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Since the early 1960s, the Christian Peace Conference (CPC), headquartered in Prague, Czech Republic, has been an actor in the global ecumenical arena. Concerned initially with the quest for peace in Europe, the CPC quickly turned also to the problems of imperialism, liberation, and development in countries of Africa, Asia, and Latin America, addressing also North America.

The conference expressed the deep yearning for peace engendered by the enormous suffering inflicted by World War II in eastern and central Europe. It served the churches of eastern Europe as a channel for expression and fellowship during the early years of the ecumenical movement (World Council of Churches, 1948), when their membership in the council had not yet been realized. It provided an opportunity for churches in eastern Europe to bargain for more breathing space with their governments. On the other hand, the CPC is beholden enough to government control that its roots in some of those churches, particularly among the laity, are relatively shallow.

Activity and organization have expanded since the beginning. Local chapters ("regional committees") have been formed in many lands. In the 1980s these were drawn together into continental conferences. A "North American Christian Peace Conference" was formed in October 1987. Until then, Christians Associated for Relationships with Eastern Europe had channeled the communications between the churches in the United States and the CPC, serving in lieu of a regional group.

The CPC is both a delegate and a membership organization. In eastern Europe, most, though not all, non-Roman Catholic church bodies belong; in other parts of the world, membership is by individuals, mediated by regional groups. An AlI-Christian Assembly, meeting at five-year intervals, is the governing body. A smaller group of 100 or more persons, known as the Committee for the Continuation of the Work, meets twice during the interim. A still smaller Working Committee is the executive body.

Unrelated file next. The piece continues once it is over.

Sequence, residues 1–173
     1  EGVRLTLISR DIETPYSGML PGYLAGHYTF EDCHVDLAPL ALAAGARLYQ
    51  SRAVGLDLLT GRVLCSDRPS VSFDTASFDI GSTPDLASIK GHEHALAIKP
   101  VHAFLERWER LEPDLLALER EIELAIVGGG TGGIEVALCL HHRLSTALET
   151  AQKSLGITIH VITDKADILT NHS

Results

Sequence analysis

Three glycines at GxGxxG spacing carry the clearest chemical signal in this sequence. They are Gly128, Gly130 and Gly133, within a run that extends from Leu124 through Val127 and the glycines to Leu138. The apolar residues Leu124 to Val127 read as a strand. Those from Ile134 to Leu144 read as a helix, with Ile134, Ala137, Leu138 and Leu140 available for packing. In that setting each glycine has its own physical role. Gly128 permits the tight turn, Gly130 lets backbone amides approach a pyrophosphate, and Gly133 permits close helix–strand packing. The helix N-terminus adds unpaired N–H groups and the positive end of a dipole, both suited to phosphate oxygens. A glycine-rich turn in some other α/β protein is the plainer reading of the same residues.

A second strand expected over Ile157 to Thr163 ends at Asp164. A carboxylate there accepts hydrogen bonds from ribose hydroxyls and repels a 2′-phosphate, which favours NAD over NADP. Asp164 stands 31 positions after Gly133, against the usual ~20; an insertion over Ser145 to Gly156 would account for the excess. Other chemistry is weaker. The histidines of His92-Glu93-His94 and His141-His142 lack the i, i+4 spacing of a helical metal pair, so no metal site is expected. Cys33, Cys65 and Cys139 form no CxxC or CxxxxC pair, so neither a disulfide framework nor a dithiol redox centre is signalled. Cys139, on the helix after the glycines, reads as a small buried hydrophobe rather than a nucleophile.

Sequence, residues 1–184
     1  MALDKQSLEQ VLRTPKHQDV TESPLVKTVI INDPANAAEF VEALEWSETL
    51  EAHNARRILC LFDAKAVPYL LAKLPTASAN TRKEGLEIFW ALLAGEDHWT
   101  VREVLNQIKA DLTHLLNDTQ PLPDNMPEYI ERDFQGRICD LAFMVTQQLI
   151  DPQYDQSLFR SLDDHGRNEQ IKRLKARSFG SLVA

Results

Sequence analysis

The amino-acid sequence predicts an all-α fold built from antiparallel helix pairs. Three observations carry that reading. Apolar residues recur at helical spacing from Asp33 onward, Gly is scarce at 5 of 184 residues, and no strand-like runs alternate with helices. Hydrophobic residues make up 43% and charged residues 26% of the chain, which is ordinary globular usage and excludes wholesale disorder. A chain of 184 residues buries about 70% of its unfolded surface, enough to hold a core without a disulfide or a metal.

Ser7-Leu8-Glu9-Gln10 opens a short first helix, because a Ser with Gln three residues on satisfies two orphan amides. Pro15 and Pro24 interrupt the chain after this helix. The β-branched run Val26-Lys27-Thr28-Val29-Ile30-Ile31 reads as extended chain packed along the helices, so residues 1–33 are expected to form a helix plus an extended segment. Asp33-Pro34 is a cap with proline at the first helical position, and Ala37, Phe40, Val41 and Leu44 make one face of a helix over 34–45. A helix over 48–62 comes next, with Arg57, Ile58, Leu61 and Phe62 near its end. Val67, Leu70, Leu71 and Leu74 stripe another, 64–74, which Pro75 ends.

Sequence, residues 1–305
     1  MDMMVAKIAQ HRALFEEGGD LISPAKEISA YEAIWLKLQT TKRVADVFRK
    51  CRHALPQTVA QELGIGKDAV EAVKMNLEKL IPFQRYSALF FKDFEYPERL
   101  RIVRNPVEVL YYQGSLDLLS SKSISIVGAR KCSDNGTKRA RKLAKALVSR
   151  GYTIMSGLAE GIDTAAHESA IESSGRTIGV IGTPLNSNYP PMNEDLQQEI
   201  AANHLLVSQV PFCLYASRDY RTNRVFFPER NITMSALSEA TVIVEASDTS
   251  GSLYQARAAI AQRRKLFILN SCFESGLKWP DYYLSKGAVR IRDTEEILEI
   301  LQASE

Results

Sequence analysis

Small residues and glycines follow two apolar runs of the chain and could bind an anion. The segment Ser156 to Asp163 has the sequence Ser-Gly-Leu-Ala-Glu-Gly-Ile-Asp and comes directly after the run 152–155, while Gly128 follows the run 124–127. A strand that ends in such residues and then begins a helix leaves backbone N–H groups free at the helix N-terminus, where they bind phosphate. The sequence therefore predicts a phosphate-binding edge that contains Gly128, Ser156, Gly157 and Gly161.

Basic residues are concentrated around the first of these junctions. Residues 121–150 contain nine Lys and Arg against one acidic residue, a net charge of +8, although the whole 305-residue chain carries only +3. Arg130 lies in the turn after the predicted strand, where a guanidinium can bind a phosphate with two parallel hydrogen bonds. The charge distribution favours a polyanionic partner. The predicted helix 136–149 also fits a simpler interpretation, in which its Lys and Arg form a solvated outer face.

Numerous standing and special committees and commissions deal with specific problem areas. Representatives are sent to a variety of international conferences around the world. The CPC maintains a standing representative at the United Nations in New York (non-Governmental Organizations). Churches in central Europe and eastern Europe, especially the Soviet Union, carry most of the financial burden.

Mennonites from Europe and North America have attended many CPC events, chiefly as observers. The political ambiguities surrounding the CPC have inhibited greater Mennonite participation, as has the conference's disinterest (somewhat softened in the 1980s) in Christian pacifism.

The Christian Peace Conference is theologically serious. In application, given the political context, it publicly endorses Soviet foreign policy, socialism as an economic system, and the renunciation of colonialism and imperialism in the Third World. Given the weight of Western global influence, these may be needed correctives, but may also accentuate the brokenness of the church ecumenical.


Author(s) Paul Peachey
Date Published 1987


Cite This Article

MLA style

Peachey, Paul. "Christian Peace Conference." Global Anabaptist Mennonite Encyclopedia Online. 1987. Web. 1 Aug 2014. http://gameo.org/index.php?title=Christian_Peace_Conference&oldid=86758.

APA style

Peachey, Paul. (1987). Christian Peace Conference. Global Anabaptist Mennonite Encyclopedia Online. Retrieved 1 August 2014, from http://gameo.org/index.php?title=Christian_Peace_Conference&oldid=86758.




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Adapted by permission of Herald Press, Harrisonburg, Virginia, and Waterloo, Ontario, from Mennonite Encyclopedia, Vol. 5, pp. 146-147. All rights reserved. For information on ordering the encyclopedia visit the Herald Press website.


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